Stories about Literature from June, 2007
Mohmmad Ali Abtahi,blogger and former vice president criticised both Queen Elizabeth and Islamists for attributing titles to Salman Rushdie and Osama Bin Laden. The Queen made Salman Rushdie a Knight and some Islamists call Bin Laden, Seifallah, God's Sword.
“In a world where everything happens faster, are we as a species focused more on short term success than long term success?” KnowProSE.com explores the question.
Today's Arabeyes makes five stops - two in Kuwait and Saudi each and a last stop in Jordan, where a blogger and journalist is forced to face himself and take a stance on the Palestinian infighting between Fatah and Hamas.
Le blog de [moi] celebrates the 150th anniversary of Fleurs du Mal (Fr) by posting “Le Vampire” and explaining her attraction to Baudelaire's poetry: “Baudelaire speaks of death and women like no other. I really understand his fascination with the two…I open [the book] rarely because it always brings out...
The Big Pharaoh finds a interesting book at a street vendor in downtown Cairo. Click here to read more.
“From the beginning of slavery, there has been a war fought over black bodies and black space and because we have been victims in the past, we have conceded our space and our right to that space and it has had a debilitating effect on our self-esteem.” Jamaican Geoffrey Phlip...
Blogging has indeed become a popular Moroccan pastime, with new blogs cropping up every day. Pointblog.com (fr), a self-described magazine of blogging, reports on the first Grand Prix des Blogs:” Une centaine de blogueurs marocains a participé au 1 er GrandPrix des Blogs organisé par le portail Bayn. Khadija Housni,...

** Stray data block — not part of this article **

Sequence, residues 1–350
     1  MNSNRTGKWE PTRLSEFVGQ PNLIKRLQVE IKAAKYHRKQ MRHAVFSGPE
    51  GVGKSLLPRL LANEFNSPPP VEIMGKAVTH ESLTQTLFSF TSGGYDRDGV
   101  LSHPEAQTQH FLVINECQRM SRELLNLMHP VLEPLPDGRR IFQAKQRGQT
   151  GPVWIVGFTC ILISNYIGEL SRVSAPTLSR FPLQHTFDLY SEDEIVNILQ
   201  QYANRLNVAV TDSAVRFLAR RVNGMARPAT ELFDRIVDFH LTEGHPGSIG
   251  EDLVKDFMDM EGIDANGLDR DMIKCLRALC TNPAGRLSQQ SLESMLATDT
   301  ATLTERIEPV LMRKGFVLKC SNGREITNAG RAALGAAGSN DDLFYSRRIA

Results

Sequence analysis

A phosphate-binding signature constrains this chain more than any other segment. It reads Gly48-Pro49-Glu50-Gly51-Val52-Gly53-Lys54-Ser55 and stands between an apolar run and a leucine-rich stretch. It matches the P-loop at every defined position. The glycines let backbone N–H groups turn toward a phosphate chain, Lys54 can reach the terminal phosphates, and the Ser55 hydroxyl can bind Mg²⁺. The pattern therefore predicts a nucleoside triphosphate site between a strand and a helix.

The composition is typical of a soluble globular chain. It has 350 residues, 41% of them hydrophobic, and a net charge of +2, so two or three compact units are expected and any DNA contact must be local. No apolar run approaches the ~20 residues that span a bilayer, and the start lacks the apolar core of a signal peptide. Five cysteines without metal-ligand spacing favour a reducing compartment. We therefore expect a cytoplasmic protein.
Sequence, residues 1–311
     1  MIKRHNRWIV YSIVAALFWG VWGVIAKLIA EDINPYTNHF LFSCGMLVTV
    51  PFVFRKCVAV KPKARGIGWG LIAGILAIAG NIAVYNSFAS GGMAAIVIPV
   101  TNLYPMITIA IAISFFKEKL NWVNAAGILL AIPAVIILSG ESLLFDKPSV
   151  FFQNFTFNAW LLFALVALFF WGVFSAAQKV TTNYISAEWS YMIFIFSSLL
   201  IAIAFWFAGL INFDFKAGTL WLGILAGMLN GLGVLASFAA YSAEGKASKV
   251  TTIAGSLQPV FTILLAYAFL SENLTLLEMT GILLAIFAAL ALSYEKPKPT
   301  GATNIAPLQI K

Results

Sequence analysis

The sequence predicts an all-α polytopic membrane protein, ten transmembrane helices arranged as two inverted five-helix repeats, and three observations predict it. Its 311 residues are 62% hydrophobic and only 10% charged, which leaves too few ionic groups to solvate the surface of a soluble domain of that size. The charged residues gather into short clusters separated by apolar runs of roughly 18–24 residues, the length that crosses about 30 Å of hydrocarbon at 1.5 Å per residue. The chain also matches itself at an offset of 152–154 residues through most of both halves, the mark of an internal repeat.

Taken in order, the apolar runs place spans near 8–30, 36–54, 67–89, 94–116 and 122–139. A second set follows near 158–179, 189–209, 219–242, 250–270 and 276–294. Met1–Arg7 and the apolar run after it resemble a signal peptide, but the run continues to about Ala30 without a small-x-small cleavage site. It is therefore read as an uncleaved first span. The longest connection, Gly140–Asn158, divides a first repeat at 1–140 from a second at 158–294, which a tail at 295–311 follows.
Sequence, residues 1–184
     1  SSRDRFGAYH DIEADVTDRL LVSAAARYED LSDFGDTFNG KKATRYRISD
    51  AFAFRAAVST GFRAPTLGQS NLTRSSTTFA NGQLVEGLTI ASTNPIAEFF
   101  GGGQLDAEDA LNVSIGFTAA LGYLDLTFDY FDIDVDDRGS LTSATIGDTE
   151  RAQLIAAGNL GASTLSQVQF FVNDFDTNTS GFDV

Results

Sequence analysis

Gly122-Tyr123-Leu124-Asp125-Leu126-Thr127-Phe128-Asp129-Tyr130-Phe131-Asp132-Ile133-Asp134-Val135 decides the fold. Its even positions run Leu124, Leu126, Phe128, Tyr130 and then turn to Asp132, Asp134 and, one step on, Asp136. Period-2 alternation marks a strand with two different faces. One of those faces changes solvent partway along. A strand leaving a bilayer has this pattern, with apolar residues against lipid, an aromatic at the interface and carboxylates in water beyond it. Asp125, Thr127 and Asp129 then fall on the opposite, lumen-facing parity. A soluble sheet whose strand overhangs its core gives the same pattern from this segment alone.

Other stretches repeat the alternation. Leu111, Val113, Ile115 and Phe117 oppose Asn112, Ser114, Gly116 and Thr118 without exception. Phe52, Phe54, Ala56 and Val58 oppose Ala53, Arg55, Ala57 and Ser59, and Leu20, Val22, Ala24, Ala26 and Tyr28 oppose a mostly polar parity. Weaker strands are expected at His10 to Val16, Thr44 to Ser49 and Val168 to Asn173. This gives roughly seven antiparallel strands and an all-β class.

Nicholas over at Antilles is inspired by the UK Guardian‘s anecdotes from writers about books they've traveled with and comes up with his own interesting picks.
An outstanding post by Marginalia‘s Peteris Cedrins on the history of Latvia's the Battles of Cesis – as well as some musings on the Internet vs real libraries: “Though I adore and am addicted to the Internet — I would rather my mind resembled a library than looked like cyberspace....
Hora Cero [ES] writes about the passing of Salvadoran poet Liliam Jiménez, who was known “for her unshakeable socialist affiliation, whose ideals were expressed in her poetry.”
This past week (June 18-21) leaders of CARICOM met with President George W. Bush and other top U.S. government officials in Washington as part of the Conference on the Caribbean. Official word from the U.S. Press Secretary is that: “The Conference on the Caribbean continues an important dialogue between the...
As usual, this week's Kuwait round up by Abdullatif Al Omar addresses a number of issues including the disappearance of people in summer, Kuwait's unwritten traffic code, the attack of a Kuwaiti diplomat in Iran and the plight of mothers who cannot be considered as legal guardians for their children - simply because they are women.
Metroblogging Lahore tells us why the knighthood for Salman Rushdie is wrong.
Thanks to Forever Under Construction we can see slide show of the performance, with excerpts and an interview with Gord-Afarid, Fatemeh Habibizad, the first Iranian woman Naqqal – a performer reading and enacting stories of the celebrated Persian epic The Book of Kings: the revival of the traditional storytelling.
Child of the Revolution blogs about author Tariq Ali's promotional tour of Australia.
“A battle over individuality, morality, divinity, and spelling was being fought on a Caribbean beach. I loved it.” A passage from Omeros inspires Jamaican Geoffrey Philp to write about why he trusts poet Derek Walcott more than his pastor.
Music and Life – Everywhere! writes about “The President's Last Love” by Andrey Kurkov: “unfortunately, of course, surreal in Ukraine is probably real.”
Edward Lucas posts a review of Martin Cruz Smith's detective novel set in Russia.
Note d'Or writes about a new-found appreciation for the beauty of life after a nine day hospital stay. “As I greet each tree, each bird, each blade of grass and my square of flowers, I thank the rusty beds for being there to make me aware of these beauties that...
Sepia Mutiny on knighthood and Salman Rushdie, and how the writer in the 80s was a strong critic of the British establishment.
Latest information about the anthology of works by Nigerian bloggers from Laspapi.